Webley Mark VI revolver which was manufactured by P. Webley & Son, Birmingham, England. It became their best-known model and was standard British Army issue, being officially adopted in 1915, with over 300,000 revolvers produced for service. A powerful weapon, the Webley Mark VI was used until 1932 – being distinguished from earlier Webleys with a 6 inch rather than 4 inch barrel and a square butt. The Mark VI was replaced by the Enfield No 2 revolver and was officially retired as obsolete in 1947. This particular gun was captured c. 1920 from British soldiers attending a social event at Taylor’s Hill, Galway by Irish Volunteers involved in the War of Independence (1919-1921) and ended up in the possession of Volunteer Martin Crowe of Bohermore.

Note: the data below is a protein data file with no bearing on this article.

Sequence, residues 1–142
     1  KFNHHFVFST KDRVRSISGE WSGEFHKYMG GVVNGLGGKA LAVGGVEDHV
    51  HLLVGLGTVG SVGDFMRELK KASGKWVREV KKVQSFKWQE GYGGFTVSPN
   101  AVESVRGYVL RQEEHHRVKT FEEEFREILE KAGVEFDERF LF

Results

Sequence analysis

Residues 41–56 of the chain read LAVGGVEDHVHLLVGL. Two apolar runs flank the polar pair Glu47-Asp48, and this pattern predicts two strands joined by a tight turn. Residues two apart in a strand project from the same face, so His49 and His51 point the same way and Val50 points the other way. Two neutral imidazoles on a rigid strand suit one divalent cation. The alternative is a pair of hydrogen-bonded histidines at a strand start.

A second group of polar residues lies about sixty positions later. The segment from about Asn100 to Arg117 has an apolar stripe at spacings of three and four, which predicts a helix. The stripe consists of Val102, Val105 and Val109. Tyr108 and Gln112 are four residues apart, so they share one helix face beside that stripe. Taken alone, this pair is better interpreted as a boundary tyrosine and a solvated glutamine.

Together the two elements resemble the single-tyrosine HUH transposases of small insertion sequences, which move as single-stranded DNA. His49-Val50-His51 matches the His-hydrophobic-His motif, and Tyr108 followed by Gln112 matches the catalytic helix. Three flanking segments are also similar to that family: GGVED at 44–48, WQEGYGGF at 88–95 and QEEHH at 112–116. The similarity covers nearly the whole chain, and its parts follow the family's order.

Museum Reg. GCM2009:004
Photo: Colm Hogan